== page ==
The laws enumerated below are some of the most important laws that concern the Industry.
•The Drugs and Cosmetics Act, 1940 and Rules, 1945: It regulates manufacturing, import, distribution and sale of
pharmaceuticals (includes certain medical devices) and cosmetics.
•The Drugs & Magic Remedies (Objectionable Advertisements) Act, 1954 and Rules, 1955: It Regulates
advertisements of drugs relating to diagnosis / cure / mitigation / treatment / prevent of certain prescribed diseases
•The Indian Patents Act, 1970: It provides the framework for grant of process and product patents. The patent term
for a product and process patent is 20 years.
•The Drugs Price Control Order, 2013 (DPCO): It lays down the framework for price control of drugs identified as
essential under the National List of Essential Medicines, 2011.
•The Uniform Code for Pharmaceutical Marketing Practices (UCPMP): It regulates the marketing practices of the
• The Income Tax Act, 1961: Income tax is a tax on income imposed by the Central Government.
Residents in India are taxed on their worldwide income. Non-residents are taxed on the Indian
source of income. The Indian tax rates applicable to non-residents could be up to 40% (excluding
applicable surcharge). If the tax payable by any company, including a foreign company taxable in
India, is less than 18.5% of its book profits, it will be required to pay Minimum Alternate Tax. The
payments towards royalty and fees for technical services are subject to withholding taxes.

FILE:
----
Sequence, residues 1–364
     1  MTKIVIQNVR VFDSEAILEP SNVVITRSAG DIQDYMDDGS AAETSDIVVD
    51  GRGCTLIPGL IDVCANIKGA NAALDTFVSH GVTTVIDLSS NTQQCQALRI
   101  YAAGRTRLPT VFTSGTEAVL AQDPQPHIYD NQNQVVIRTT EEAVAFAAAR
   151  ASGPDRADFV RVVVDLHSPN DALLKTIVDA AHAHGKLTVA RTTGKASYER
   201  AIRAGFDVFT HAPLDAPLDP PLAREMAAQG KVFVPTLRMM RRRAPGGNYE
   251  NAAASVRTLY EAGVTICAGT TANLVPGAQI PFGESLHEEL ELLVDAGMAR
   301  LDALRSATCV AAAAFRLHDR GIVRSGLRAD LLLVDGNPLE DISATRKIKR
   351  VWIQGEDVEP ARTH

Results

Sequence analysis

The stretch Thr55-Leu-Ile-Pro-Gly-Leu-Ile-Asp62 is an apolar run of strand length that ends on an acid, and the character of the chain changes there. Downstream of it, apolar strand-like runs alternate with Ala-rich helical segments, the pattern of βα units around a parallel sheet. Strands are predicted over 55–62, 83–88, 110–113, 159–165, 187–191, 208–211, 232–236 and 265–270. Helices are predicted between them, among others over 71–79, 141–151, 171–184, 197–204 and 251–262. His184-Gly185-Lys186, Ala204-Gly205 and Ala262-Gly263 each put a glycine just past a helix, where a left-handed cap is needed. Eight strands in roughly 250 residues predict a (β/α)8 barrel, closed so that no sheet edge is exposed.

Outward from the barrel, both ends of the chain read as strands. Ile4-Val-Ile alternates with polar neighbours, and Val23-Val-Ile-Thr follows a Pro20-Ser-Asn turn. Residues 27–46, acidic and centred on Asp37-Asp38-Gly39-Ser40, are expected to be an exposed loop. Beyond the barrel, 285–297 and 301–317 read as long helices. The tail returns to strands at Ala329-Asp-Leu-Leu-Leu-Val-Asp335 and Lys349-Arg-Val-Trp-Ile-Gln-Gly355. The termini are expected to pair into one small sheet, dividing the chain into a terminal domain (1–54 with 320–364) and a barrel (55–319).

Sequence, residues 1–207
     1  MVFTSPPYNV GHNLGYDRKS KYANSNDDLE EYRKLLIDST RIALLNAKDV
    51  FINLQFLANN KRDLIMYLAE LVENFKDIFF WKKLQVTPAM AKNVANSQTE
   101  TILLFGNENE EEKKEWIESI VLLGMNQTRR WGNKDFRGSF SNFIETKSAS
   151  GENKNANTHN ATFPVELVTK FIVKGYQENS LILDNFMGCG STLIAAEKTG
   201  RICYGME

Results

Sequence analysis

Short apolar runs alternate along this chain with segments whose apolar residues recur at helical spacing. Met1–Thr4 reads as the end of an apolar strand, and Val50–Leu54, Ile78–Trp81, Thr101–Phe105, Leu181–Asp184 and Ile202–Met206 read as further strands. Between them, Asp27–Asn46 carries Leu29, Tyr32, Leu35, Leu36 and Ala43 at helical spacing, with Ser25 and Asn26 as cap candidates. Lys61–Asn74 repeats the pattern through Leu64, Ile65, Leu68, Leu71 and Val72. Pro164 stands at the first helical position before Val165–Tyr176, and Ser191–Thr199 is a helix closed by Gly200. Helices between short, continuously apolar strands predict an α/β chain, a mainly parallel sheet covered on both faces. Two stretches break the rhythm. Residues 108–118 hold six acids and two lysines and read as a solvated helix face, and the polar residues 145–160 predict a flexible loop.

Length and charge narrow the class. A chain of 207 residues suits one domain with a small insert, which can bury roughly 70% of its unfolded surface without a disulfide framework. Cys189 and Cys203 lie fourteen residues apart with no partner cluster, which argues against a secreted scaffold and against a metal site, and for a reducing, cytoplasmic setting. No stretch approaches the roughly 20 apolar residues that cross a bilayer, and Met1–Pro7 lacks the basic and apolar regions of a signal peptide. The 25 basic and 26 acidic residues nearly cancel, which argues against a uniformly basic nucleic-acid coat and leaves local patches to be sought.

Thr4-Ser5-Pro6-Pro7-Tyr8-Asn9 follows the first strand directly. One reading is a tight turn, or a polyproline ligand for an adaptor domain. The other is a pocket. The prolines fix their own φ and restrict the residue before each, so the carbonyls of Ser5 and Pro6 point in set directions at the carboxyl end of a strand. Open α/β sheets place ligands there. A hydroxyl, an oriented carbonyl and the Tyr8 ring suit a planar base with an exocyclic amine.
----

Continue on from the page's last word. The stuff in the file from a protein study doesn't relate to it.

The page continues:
• The Customs Act, 1963: It imposes import duty on all imported goods. Import of pharmaceuticals
is liable to basic customs duty, additional customs duty and countervailing duty.
• Central and State-specific Sales Tax / Value Added Tax (VAT) legislations: It imposes sales tax.
Sales tax is a tax levied on the sale of pharmaceuticals.
• The Excise Act, 1944: It imposes a duty on the manufacture of goods called Excise Duty. Excise
duty is also referred to as CENVAT. It is payable on the manufacture of pharmaceuticals in India.
• The Finance Act, 1994: It imposes a tax on all services unless a service qualifies as an exempt
service. All contract research organizations have to pay service tax.
Notable trends in Indian Pharma Industry
•Indian pharma companies spend 8-11 per cent of their total turnover
•Expenditure on R&D is likely to increase due to the introduction of
product patents; companies need to develop new drugs to boost sale
Research and Development
•India’s pharmaceutical export market is thriving due to strong presence
in the generics spaceExport Revenue
•Multinational companies are collaborating with Indian pharma firms to
develop new drugs
•Indian Players are expanding their markets as well as production
Expansion by Indian players abroad
•Amendments to the Patents Act, 1970, to make it TRIPS compliant
•The introduction of product patents in India in 2005 gave a boost to the
discovery of new drugs
•In order to compete with global player in pharma industries, approval
process of drugs has been simplified by the authorities and approval
time for new facilities has been drastically reduced
Less time for approval
India is now among the top five pharmaceutical emerging markets.
Domestic Pharma market to grow at 10-12 per cent in FY15 as compared to 9
per cent in FY14
Generic drugs account for 20 per cent of global exports in terms of volume,
making the country the largest provider of generic medicines globally